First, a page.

Clearly the selection of the stacking velocities must be done to correct for the moveout of the primary reflections and not for the multiples. At a given zero-offset arrival time the velocity of a primary reflection is greater than that of a multiple, which according to Equation (1) implies a smaller moveout. This difference in moveout makes it possible to flatten the primary reflections while leaving the multiples under-corrected with a moveout approximately parabolic Hampson (1986). The Parabolic Radon Transform exploits this difference by summing trace amplitudes along parabolas of different zero-offset time and curvature. Hence, the transform can be considered a mathematical operator that maps parabolas in the t-x domain to small regions of the parabolic moveout (p) and zero-offset time () domain.
This is schematically shown in Figure 3 which shows that the horizontal events in t-x domain map to a vertical strip in the -p domain at p=0. The multiple reflections, on the other hand, are mapped in the -p domain to a region away from the p=0 vertical line. This separation allows for the suppression of the multiple energy by zeroing out the -p region to the right of the dashed line in Figure 3. The inverse -p transform would then return the primaries to the t-x domain.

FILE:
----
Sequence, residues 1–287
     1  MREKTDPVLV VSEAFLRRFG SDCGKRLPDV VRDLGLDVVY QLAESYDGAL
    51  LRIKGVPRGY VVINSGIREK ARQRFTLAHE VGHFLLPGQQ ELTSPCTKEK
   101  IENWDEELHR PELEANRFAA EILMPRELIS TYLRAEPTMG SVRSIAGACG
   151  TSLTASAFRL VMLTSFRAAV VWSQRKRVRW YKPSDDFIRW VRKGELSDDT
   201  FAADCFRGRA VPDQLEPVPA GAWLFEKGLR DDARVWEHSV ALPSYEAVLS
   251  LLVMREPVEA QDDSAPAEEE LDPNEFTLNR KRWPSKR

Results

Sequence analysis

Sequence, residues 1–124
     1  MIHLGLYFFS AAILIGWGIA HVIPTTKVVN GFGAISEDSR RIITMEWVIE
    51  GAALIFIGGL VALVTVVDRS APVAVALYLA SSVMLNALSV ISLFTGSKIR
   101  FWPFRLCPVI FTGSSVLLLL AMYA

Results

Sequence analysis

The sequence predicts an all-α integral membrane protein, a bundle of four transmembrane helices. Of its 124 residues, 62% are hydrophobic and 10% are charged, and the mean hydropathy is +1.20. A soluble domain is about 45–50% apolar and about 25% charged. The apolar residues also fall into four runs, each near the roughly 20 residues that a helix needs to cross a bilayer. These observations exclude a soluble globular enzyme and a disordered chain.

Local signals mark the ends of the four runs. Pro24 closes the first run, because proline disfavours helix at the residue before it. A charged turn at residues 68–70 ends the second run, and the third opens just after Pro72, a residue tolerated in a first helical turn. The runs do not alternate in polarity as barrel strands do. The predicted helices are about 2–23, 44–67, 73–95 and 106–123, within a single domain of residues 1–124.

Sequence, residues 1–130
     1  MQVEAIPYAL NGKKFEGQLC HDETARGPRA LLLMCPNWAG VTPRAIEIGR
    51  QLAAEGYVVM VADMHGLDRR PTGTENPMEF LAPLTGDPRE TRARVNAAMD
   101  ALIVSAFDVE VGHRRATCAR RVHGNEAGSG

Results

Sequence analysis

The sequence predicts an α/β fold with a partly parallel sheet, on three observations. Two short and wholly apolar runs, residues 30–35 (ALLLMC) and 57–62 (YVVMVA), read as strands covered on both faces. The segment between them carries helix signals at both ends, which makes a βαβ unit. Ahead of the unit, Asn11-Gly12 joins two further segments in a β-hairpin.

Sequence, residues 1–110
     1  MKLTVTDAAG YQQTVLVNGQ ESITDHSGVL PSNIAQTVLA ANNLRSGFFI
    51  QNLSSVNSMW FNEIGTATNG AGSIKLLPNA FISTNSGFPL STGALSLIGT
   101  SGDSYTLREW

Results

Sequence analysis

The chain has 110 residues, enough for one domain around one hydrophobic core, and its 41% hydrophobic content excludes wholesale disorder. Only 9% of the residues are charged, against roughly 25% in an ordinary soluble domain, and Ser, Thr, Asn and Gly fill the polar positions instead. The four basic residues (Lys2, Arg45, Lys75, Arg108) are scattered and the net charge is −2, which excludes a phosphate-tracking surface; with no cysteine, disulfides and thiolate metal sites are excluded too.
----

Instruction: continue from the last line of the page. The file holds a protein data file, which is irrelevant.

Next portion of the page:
In practice the process is applied a little differently: it is the energy of the primaries that is suppressed (energy to the left of the dashed line in Figure 3) and inversely transformed to the t-x domain. The primaries are computed by subtracting the multiples from the original data in this domain. This method was first introduced with the name ``inverse velocity stacking'' Hampson (1986).
The mathematical equivalent of the qualitative description given before for the Parabolic Radon Transform is a set of two equations:
The need to work with discrete equations may give raise to aliasing problems Yilmaz (1987) as well as to some stability problems related to the selection of the number of parabolas used in the transform. In commercial software packages the transform is normally implemented in the f-x domain because of issues related to the amplitude of the inverse transform which is computed via a numerical optimization process. The discussion of these details, which are very important for the successful application of the method, are out of the scope of this paper. See for example Anderson (1993) and Alvarez (1995).